2018 Florida Road Trip Part 11(Continued -1)

6 Mar

A Slice of Life

Bill Lites

 

Day 11 Monday 10/29/2018

 

By now I was ready to catch a ride on one of the Old City Tour Trolleys, and let them carry me around to see the many additional sites I wanted to see there in St. Augustine.  I walked across Castillo Drive to the parking lot for the Castillo de San Marcos Fort to wait for the next trolley.  As I mentioned earlier, the fort was built (1672-1695) on the western shore of the Matanzas Bay to protect the city of “San Agustin.“  As built, the basic coquina structure survived several attacks from enemy forces and pirates over the years.  When the British controlled  “La Florida” (1763-1783) they changed the fort’s name to Fort St. Marks.  Then during the Second Spanish Occupation (1783-1821), the fort’s original name was restored.  In 1819 Spain ceded Florida to the United States as part of the Adams-Onis Treaty, and In 1821 the fort was designated a U.S. Army base and renamed Fort Marion.  In 1933 the fort was turned over to the National Park Service, and in 1942 the original Castillo de San Marcos name was restored by an Act of Congress.

 

 

DiVoran and I had visited this famous fort years ago, so I wasn’t interested in spending the time going thru it again today.  However, during that former visit, we did learn some interesting facts about the fort. One was that while it was a U.S. military fort, it also served as a military prison, and incarcerated some of the most famous indigenous Indian chiefs  in our nation’s history, such as Osceola, Geronimo, and Howling Wolf, just to name a few (check Wikipedia for “Castillo de San Marcos” for many more interesting facts about this famous fort’s history.

 

 

At my first trolley stop I visited the Ripley’s Believe it or Not Museum.  This is a large 3-story museum building with some of the most interesting exhibits and artifacts imaginable.  Probably one of the most interesting, to me, was a movie of Robert Ripley’s trip to the mountainous jungle of Ecuador and Peru in the 1930s to visit the Jivaro (Shuar) Indians and film the entire “head shrinking process.” The Jivaro consider the shrunken head (tsantsa) of an enemy to be a valuable symbol of bravery for tribal warriors.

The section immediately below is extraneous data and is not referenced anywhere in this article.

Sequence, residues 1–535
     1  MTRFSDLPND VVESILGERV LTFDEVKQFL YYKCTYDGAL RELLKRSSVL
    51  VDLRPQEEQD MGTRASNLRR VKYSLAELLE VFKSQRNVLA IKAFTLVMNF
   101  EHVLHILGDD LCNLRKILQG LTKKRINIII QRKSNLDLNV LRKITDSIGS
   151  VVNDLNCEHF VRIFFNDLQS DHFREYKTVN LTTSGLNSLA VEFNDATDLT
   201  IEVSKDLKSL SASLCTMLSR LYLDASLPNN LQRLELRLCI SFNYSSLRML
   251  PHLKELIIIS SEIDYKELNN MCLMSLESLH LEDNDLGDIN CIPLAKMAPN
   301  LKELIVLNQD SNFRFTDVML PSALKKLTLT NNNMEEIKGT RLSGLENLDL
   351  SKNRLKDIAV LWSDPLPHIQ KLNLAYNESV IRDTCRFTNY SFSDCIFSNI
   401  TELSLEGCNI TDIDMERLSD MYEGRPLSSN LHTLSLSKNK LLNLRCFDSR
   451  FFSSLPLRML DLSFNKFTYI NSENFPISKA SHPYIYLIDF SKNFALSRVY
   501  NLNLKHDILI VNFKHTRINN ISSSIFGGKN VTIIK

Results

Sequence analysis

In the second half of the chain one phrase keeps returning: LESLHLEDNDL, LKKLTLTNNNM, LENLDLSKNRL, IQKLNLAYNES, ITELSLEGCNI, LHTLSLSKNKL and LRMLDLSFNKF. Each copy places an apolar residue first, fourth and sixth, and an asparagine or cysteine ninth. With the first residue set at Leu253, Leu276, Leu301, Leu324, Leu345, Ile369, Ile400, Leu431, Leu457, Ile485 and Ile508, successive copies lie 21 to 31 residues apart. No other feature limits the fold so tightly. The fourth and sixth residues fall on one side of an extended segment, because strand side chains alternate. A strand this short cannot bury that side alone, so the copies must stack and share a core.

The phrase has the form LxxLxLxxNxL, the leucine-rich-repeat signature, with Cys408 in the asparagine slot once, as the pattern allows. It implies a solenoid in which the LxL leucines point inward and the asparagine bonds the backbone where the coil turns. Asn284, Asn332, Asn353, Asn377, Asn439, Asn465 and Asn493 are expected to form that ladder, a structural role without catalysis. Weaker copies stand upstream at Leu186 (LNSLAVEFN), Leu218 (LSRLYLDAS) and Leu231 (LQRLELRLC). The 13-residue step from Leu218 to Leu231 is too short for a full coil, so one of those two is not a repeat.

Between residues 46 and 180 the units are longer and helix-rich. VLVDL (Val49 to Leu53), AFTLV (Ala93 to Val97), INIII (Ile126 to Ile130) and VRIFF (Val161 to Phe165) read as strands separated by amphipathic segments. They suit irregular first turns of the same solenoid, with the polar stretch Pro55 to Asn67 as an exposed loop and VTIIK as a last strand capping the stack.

The other interesting item there at the Ripley’s Believe it or Not Museum was a “House in a Redwood Log” located in the parking lot in front of the museum.  This 4-room house was carved out of a 33 foot diameter by 8 foot long Redwood log, and looks a lot like the inside of a camping trailer (snug).  Signs outside the log inform visitors that it took Len Moore four months to carve out the 8-foot high interior and another eight months to complete his project. One major design problem I saw was the lack of a bathroom anywhere inside.

 

 

My next stop was to visit the Mission Nombre de Dios and its Museum.  The mission is said to be the site of the very first parish mass to be performed in “La Florida.” This was on the occasion of the landing of the Admiral Pedro Menendez de Aviles party from Spain in 1565, and was conducted by the chaplain of the expedition,Father Francisco Lopez de Mendoza Grajales.  The first Franciscan mission was founded near this location in 1587, and ministered continuously to the people of “San Agustin” and the local Mocama natives during the 17th and 18th centuries.A shrine to Our Lady of La Leche was erected near the mission in the late 1500s and a 208 foot stainless steel cross was erected at the site in 1966 to commemorate the 400th anniversary of the founding of the mission.